In 2001, the Unicode Consortium rejected a proposal to include the Klingon encoding. The reasons it gave were:
Lack of evidence of usage in published literature, lack of organized community interest in its standardization, no resolution of potential trademark and copyright issues, question about its status as a cipher rather than a script, and so on.
Fair enough, but don’t most of these objections apply equally to emoji?
Lack of evidence of usage in published literature. Just about all work with the Klingon language represents it in Roman letters. The characters have been used mostly as visual elements in movies, and there isn’t strong agreement on how they represent the language.
Emoji are in about the same situation. The name means “picture characters.” There’s no such thing as an emoji literature. In principle, a writer could use them as hieroglyphs, and an experimental author or two must have done this by now. But that’s a rebus, not literature.
Lack of organized community interest in its standardization. With Klingon, the same point applies again; the Klingon language community just hasn’t shown much interest in those angular characters. With emoji, the issue is different, but there’s no prospect of standardization. What people want is to invent new emoji or devise new and confusing representations of existing ones (yes, I’m talking about Apple). As a result, the Unicode Consortium is the one doing the standardizing, when its role had always been to adapt existing standards.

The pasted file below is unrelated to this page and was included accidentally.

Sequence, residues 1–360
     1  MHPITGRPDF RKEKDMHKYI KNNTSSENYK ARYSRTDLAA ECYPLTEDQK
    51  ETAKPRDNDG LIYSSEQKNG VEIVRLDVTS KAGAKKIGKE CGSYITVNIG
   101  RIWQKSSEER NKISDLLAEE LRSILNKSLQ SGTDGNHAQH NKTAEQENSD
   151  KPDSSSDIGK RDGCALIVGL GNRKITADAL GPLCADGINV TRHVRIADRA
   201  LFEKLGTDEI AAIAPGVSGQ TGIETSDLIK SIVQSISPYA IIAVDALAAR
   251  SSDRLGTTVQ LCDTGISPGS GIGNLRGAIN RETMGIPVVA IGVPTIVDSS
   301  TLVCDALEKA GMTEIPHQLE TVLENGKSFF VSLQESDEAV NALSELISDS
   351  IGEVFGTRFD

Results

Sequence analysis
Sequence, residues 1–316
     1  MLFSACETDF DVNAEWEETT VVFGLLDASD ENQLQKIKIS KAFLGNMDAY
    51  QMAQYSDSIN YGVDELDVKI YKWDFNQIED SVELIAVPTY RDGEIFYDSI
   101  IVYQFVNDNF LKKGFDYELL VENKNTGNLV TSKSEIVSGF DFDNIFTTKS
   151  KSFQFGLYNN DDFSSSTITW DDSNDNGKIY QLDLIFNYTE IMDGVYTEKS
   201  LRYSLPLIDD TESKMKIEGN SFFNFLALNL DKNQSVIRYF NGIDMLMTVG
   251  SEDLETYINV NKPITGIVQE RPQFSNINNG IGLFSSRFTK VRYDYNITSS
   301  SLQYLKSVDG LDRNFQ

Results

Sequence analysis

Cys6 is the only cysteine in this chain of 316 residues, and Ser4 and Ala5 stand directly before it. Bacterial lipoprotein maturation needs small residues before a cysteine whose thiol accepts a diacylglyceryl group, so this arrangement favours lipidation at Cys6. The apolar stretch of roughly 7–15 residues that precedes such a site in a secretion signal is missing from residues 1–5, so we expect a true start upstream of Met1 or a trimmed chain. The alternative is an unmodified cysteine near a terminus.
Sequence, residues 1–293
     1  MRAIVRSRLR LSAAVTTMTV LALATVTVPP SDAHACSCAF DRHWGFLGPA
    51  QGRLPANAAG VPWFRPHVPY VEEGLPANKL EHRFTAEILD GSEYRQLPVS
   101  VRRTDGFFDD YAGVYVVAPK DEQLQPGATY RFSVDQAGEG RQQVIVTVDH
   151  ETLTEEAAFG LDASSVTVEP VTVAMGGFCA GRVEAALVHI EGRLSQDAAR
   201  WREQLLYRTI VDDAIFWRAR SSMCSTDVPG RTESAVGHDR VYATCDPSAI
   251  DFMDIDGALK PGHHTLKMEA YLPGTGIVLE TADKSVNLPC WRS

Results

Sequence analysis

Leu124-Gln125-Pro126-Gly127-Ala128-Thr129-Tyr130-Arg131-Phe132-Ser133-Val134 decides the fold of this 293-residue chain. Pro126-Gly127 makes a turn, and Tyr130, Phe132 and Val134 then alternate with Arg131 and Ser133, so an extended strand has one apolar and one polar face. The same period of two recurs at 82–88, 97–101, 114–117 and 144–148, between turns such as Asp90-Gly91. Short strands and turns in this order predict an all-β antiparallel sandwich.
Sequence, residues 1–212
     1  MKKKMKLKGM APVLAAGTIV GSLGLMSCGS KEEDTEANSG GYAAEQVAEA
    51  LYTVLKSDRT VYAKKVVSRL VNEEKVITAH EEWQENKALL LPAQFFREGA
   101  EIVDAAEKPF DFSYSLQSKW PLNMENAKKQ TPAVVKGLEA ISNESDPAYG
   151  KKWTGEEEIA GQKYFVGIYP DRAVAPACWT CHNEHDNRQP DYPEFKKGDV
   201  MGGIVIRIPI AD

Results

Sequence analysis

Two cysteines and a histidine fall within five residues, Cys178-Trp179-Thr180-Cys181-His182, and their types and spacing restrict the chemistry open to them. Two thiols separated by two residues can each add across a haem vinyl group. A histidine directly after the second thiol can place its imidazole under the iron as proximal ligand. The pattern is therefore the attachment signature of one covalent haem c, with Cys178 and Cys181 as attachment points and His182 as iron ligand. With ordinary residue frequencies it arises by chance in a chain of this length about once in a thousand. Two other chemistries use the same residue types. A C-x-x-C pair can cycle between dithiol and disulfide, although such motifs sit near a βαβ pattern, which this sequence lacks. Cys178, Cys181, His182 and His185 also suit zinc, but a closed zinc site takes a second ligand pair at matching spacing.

No resolution of potential trademark and copyright issues. Specific characters might raise those issues, but there isn’t a general problem as there is for Klingon characters. Emoji wins on this point.
A cipher rather than a script. Wiktionary defines a script as “A system of writing adapted to a particular language or set of languages.” Dictionary.com defines it as “any system of writing.” Emoji aren’t associated with any language, and even calling them a “system of writing” is a stretch.
spontaneously puzzled how the reasoning behind the 2001 rejection of klingon in unicode (https://t.co/BvJ0frYN6F) didn’t prevent emoji.
— raphael (@shun_geki_satsu) September 18, 2016
If Klingon characters don’t belong in Unicode, neither do emoji. It’s too late now, but I think the Unicode Consortium regrets having let the genie out of this particular 🍾.
Klingon does have a generally accepted private space in Unicode.
Emoji – at least the original set – were part of legacy character sets and had been used in running text since the late 90s. In my opinion that’s a very good reason to include them in Unicode, especially considering that Zapf Dingbats and Wingdings were also encoded. The Klingon script as we know it today isn’t even acknowledged by the official canon as far as I’m aware.